Using the TridionConfigurationManager

Have you are ever been in the situation where you need to write your own DD4T templates? I don’t mean views, mind you, but real, modular Tridion templates.

I have had to write quite a few over the recent years, for example to generate sitemaps. Sometimes I needed to read a configuration value in those templates. The first option is always to use a template parameter, but they have some disadvantages. The most important one being that you always override the parameters (along with the rest of the template) if you migrate the template from DEV to TEST/PREPROD/PROD. If the parameter happens to contain environment specific information, this can create annoying issues.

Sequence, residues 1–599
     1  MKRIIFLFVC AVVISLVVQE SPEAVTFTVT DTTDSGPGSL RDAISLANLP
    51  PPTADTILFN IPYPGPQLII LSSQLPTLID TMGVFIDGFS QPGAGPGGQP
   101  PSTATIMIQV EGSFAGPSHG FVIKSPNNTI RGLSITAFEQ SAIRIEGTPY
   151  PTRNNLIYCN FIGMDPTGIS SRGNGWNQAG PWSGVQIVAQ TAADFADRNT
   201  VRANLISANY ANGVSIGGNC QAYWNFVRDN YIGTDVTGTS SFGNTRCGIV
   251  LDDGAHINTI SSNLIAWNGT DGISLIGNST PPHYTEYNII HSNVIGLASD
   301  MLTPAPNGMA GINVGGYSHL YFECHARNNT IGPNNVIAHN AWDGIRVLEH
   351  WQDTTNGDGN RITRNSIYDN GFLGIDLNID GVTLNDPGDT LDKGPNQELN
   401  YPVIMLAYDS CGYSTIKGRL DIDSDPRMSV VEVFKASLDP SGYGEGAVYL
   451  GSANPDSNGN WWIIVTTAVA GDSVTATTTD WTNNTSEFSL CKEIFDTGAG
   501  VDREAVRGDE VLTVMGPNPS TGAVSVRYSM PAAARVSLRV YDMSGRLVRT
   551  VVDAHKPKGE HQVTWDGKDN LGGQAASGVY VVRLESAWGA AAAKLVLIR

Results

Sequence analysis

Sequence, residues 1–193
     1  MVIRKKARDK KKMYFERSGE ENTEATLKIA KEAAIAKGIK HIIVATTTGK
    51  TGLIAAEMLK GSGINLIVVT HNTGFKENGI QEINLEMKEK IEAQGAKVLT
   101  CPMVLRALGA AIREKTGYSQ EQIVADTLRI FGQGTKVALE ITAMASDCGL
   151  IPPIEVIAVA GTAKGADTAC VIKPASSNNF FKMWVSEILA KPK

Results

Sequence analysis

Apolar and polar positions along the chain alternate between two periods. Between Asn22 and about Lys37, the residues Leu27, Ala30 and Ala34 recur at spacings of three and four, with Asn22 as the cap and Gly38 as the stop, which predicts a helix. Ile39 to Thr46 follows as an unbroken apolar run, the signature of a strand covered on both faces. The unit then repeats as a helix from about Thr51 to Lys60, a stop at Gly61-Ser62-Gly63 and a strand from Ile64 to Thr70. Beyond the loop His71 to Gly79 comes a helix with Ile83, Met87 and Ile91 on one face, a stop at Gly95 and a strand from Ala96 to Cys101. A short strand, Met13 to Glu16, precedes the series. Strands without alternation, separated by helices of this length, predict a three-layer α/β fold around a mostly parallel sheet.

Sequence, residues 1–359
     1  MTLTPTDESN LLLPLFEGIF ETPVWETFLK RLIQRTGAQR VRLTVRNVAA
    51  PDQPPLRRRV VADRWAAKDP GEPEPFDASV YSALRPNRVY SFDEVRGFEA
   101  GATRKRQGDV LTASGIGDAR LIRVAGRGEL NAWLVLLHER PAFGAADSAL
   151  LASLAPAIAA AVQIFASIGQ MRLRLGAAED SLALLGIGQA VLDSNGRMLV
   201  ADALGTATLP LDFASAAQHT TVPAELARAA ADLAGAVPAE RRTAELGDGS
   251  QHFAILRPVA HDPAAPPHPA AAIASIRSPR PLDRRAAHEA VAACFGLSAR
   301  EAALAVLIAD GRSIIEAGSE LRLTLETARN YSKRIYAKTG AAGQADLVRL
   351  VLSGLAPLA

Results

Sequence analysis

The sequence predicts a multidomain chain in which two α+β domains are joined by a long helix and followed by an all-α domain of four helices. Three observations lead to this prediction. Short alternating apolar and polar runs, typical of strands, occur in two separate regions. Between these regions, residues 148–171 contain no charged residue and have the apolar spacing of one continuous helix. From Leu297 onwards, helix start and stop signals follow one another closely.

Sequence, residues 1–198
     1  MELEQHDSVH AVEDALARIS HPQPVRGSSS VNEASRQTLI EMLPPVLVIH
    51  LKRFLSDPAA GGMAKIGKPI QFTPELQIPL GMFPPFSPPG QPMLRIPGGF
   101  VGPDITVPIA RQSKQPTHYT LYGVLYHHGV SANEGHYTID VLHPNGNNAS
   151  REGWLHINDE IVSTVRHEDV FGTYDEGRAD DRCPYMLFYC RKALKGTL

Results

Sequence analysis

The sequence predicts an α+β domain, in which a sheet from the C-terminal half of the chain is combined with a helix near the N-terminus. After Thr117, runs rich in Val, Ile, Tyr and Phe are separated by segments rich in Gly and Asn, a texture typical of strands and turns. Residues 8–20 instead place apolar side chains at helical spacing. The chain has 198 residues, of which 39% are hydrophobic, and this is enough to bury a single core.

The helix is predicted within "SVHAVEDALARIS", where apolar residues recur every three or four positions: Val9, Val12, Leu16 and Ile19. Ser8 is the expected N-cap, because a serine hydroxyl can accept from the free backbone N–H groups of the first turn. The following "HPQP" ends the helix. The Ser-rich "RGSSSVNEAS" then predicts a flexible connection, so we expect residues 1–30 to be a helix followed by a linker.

But there’s another way to configure such a template: through the TridionConfigurationManager. This is a little-known gem in the world of DD4T. It’s a class that goes searching for a configuration setting in different places. Its usage is very straightforward:

string mySetting = DD4T.Templates.Base.Utils.TridionConfigurationManager.GetInstance(engine, package).AppSettings["MySetting"];

As you see, you need to pass in the Tridion template engine and package. These variables are always available in a Tridion template class.

The TridionConfigurationManager looks for the requested setting in the following places:

  1. A file called DD4T.config in the Tridion config folder
  2. Publication metadata

The DD4T.config file must be structured as a .NET application/web config with an appSettings section. For example:

    <key add="MySetting" value="This is the value of MySetting" /

If there is no DD4T.config available, the configuration manager looks for a publication metadata field with the name of the requested setting (‘MYSETTING’ in this example) and returns the value of that field.

Happy DD4T’ing!